Long before she became an FBI special agent investigating violent crime, long before she was deployed with the Army first to Iraq and then Afghanistan, and long before she worked in the military police at Guantánamo Bay, Nicole Lopez was a college volleyball player in Michigan making the most out of the things her body could not do.
A lifelong athlete, Lopez had for years been adapting to her hearing loss when she joined the volleyball team at her NCAA Division II college. As the setter — “the quarterback of the court” — Lopez played a crucial role and one that, for many other setters, is largely verbal: shouting commands about where to be on the court and where the ball is going.
But Lopez, who has had moderate hearing loss in her left ear dating back to early childhood, often didn’t play with a hearing aid. She had to learn to play the game differently, with sharper eyes and a sharper read on the other players’ body language, even if she couldn’t hear what she needed to do.
“It’s more unconscious,” Lopez, now 32, tells PEOPLE.
“I never really thought about, well, alright, it’s harder for me to figure out because I can’t hear as well,” she says. “I just thought, alright, I have to be able to do everything else that everyone around me could do.”
Lopez credits her mom, a single parent with two kids who returned to graduate school in her late 50s, for passing on her work ethic to Lopez and her younger brother.
That same drive — maybe, Lopez grants, even stubbornness — led her down a four-year-long journey from the military to the FBI, in the process becoming a rare exception to the bureau’s stringent medical requirements of new agents.
The FBI does not have information on the number of special agents with hearing loss, so it’s hard to describe Lopez as a first; and other agents have persevered with prostheses, for example. But her case is unusual.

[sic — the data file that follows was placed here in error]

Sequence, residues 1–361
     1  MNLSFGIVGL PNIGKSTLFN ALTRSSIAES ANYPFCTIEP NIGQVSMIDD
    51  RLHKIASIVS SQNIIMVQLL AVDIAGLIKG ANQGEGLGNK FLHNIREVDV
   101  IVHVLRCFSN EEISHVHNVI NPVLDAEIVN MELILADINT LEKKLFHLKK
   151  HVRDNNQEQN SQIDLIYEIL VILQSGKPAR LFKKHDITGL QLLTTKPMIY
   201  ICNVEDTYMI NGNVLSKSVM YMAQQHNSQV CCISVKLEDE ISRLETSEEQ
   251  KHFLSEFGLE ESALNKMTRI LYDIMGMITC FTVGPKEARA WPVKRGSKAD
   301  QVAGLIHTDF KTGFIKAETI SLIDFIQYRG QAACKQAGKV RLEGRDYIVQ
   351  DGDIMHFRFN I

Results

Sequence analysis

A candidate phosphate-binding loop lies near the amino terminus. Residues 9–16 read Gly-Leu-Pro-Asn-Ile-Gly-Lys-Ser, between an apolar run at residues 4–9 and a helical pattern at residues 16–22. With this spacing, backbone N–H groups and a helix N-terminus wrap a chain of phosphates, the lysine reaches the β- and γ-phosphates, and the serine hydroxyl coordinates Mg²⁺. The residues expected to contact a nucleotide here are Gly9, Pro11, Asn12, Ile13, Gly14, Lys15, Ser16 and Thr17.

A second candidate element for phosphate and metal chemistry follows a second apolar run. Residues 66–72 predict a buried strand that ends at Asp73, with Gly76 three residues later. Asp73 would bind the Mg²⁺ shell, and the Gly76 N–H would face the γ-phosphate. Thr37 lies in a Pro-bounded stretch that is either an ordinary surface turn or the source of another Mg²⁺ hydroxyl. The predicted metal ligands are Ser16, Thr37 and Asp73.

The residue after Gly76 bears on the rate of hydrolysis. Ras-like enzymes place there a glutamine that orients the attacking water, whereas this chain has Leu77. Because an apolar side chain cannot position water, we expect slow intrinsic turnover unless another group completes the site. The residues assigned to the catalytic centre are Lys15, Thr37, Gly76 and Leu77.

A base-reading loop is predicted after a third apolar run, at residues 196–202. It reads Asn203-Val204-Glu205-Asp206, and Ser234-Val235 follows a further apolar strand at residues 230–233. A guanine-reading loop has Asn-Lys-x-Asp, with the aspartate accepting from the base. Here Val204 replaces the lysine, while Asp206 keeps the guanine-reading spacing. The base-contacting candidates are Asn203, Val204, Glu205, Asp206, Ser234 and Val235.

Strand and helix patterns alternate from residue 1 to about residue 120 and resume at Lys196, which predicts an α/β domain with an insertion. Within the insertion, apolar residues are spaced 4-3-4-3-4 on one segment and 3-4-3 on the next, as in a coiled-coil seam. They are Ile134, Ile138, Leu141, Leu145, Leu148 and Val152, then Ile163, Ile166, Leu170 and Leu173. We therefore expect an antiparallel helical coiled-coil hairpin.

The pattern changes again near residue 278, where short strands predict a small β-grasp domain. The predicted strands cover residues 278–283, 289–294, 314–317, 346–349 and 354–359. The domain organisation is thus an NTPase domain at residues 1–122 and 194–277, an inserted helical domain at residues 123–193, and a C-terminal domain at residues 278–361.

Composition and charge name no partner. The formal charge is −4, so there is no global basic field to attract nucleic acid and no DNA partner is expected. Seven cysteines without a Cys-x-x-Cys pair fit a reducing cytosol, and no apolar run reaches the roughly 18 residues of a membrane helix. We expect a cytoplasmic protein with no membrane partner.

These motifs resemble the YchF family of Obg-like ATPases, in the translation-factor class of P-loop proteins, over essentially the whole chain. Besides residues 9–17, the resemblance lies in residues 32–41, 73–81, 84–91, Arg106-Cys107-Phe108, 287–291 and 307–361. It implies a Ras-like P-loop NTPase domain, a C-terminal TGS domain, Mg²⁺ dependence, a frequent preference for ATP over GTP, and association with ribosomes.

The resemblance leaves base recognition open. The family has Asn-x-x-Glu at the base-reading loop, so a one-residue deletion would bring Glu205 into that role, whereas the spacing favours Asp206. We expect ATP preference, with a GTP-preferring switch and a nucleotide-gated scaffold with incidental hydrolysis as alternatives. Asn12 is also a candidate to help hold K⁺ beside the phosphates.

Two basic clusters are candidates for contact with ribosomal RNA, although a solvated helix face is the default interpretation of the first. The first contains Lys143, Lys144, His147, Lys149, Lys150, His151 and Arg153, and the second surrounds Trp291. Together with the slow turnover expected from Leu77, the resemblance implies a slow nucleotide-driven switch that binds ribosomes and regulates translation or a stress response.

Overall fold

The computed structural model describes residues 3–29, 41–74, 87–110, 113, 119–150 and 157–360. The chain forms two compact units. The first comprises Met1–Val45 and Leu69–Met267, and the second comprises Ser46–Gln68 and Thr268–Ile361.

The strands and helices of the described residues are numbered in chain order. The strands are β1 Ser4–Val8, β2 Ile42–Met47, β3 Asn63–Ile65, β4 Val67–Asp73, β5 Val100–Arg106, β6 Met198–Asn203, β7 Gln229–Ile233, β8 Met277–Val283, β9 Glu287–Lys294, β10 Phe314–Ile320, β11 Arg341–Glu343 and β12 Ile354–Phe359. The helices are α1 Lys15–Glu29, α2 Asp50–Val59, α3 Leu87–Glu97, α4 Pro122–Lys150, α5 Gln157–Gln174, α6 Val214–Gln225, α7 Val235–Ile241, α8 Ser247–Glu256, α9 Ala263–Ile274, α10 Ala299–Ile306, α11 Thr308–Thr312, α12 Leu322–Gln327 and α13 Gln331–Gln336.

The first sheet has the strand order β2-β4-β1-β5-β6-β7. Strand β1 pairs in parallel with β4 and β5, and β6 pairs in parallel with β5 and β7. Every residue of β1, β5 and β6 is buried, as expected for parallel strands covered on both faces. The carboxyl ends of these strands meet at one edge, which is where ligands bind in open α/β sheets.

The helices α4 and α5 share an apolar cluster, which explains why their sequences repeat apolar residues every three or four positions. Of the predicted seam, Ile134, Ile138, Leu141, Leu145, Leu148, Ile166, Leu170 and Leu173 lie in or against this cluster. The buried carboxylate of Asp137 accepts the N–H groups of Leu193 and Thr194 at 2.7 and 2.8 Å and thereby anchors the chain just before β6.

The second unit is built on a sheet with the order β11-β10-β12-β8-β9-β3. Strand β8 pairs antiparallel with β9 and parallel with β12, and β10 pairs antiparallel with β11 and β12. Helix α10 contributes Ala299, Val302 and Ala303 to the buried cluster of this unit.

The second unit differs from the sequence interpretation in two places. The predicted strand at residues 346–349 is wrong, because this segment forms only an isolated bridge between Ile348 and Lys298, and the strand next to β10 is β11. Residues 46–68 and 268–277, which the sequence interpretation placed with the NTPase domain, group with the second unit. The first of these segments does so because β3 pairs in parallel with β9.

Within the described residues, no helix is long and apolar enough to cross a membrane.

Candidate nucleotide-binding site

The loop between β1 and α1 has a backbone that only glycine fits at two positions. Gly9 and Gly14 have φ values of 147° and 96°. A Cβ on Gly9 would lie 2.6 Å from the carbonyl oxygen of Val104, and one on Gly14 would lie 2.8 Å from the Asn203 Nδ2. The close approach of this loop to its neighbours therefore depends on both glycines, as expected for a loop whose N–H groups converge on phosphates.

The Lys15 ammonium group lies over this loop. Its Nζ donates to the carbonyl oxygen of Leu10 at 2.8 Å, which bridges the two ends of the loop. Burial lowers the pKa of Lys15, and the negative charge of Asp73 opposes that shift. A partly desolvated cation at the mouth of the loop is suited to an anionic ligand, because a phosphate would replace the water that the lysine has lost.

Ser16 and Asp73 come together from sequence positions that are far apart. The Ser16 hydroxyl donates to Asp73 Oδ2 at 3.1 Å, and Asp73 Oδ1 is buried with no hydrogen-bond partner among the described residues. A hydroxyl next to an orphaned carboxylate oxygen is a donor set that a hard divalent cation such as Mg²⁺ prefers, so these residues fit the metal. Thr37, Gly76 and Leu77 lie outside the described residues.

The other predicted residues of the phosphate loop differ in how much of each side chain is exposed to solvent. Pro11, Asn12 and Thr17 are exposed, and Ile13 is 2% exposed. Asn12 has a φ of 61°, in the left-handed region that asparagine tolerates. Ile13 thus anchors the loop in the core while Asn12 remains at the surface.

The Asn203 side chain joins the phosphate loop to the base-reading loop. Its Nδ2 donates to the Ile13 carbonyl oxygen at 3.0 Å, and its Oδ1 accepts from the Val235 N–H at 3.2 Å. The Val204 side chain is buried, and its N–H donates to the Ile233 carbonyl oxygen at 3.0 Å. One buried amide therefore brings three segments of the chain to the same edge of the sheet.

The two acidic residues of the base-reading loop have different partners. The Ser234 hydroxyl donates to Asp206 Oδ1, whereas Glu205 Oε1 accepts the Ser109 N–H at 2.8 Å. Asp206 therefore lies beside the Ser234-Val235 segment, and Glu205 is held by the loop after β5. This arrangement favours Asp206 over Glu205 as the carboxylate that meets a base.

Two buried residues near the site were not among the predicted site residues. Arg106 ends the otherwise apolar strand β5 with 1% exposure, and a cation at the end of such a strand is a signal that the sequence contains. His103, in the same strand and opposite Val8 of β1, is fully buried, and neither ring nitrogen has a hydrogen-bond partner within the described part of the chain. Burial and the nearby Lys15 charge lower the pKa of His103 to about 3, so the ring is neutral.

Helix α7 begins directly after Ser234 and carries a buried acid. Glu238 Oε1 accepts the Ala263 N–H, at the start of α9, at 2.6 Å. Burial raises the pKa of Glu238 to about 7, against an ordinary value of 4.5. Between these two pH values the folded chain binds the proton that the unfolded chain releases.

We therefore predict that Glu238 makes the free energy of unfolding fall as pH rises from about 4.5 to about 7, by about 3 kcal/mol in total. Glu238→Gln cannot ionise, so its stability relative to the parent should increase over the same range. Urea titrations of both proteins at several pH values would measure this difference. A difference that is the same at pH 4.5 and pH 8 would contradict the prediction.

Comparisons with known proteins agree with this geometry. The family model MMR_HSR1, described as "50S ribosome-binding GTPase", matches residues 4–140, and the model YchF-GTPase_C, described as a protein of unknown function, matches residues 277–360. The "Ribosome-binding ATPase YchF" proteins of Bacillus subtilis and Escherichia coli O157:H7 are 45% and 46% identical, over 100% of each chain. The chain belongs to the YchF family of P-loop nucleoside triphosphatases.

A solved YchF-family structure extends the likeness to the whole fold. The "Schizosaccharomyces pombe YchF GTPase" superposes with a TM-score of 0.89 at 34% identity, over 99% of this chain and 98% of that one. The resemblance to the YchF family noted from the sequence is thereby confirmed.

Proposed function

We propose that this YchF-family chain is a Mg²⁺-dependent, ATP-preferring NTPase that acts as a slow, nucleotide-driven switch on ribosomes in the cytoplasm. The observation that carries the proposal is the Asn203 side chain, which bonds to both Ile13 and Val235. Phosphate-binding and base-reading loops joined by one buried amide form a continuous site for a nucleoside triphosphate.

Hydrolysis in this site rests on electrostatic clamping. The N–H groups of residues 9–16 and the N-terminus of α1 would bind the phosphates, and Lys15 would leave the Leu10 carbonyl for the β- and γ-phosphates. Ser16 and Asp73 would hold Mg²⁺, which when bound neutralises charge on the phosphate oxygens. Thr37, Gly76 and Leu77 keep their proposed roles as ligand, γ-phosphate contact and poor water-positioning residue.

Initially denied entry because of her hearing loss, and because the agency refused to allow her to test her hearing while wearing her aid, Lopez eventually successfully appealed the FBI’s decision and was admitted to the academy in 2017.
“I don’t consider it really a disability or anything — this is just how I’ve lived my entire life,” she says. “I’ve just always just adapted how I needed to and worked as hard as I needed to get what I want.”
Telling her story publicly for the first time, Lopez says she didn’t think of herself as a trailblazer. She recognizes that her hearing loss makes her a standout at the bureau, statistically, and she knows she is a woman in a field which has historically been presented as male-led.
“I was so just determined to become a federal law enforcement officer that I just had to figure out a way to make it happen,” Lopez tells PEOPLE. “I knew what I wanted to do for so long, and I knew at some point I had to get there.”
“I want people to be able to understand that you still can do what you want,” she says, “and you can still go for those careers and those jobs that you may have thought otherwise that you’re not able to get.”
Obstacles and Successes
The first time Lopez’s life was limited in some way because of her hearing loss — the first time she pursued a goal and had it taken away because of her hearing — was in high school.
Her plan was to join the Army and afterward join the FBI. First she tried to enlist at 17, in what was then the thick of the Iraq War, but her hearing test disqualified her.
“That’s the first time in my life that I ever felt like this is something that was unreachable for me just because of my hearing loss,” Lopez says.
Still, she kept going: She applied for ROTC programs at various colleges and then West Point, the country’s most esteemed military academy. West Point, however, also turned her down based on her hearing.
But the ROTC program at the Michigan college from which she would graduate granted her a hearing waiver. Afterward, she was commissioned in the Army as a second lieutenant. At the time, women in the military were still banned from combat roles, so Lopez joined the military police — “about as close as I could get,” she says.
Her first assignment was as a platoon leader at Guantánamo, an American detention facility in Cuba made infamous post-Sept. 11, 2001, for the terror suspects and enemy combatants kept there. She was 22. And she kept going: After Cuba, she returned stateside and was then deployed to Iraq to close the last U.S.-led detention facility there.
At the time, Lopez was also in the process of applying and joining the Cultural Support Team — a new, elite and un-publicized program for women soldiers to essentially go out on the front lines despite the combat ban. Their units would “attach” with special operations forces in the line of fire, communicating with women on the ground in a way that was forbidden for male soldiers, because of local customs.